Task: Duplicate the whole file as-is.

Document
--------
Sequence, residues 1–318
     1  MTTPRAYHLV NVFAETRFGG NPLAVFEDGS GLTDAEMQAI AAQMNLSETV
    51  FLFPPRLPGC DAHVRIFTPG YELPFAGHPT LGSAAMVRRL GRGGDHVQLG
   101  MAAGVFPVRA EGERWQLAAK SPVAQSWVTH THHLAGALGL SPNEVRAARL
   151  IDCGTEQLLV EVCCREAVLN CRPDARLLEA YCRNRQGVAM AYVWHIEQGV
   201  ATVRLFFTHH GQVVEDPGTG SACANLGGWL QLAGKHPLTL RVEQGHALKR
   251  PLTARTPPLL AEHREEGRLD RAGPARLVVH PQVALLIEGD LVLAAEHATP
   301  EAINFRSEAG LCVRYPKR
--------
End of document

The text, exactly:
Sequence, residues 1–318
     1  MTTPRAYHLV NVFAETRFGG NPLAVFEDGS GLTDAEMQAI AAQMNLSETV
    51  FLFPPRLPGC DAHVRIFTPG YELPFAGHPT LGSAAMVRRL GRGGDHVQLG
   101  MAAGVFPVRA EGERWQLAAK SPVAQSWVTH THHLAGALGL SPNEVRAARL
   151  IDCGTEQLLV EVCCREAVLN CRPDARLLEA YCRNRQGVAM AYVWHIEQGV
   201  ATVRLFFTHH GQVVEDPGTG SACANLGGWL QLAGKHPLTL RVEQGHALKR
   251  PLTARTPPLL AEHREEGRLD RAGPARLVVH PQVALLIEGD LVLAAEHATP
   301  EAINFRSEAG LCVRYPKR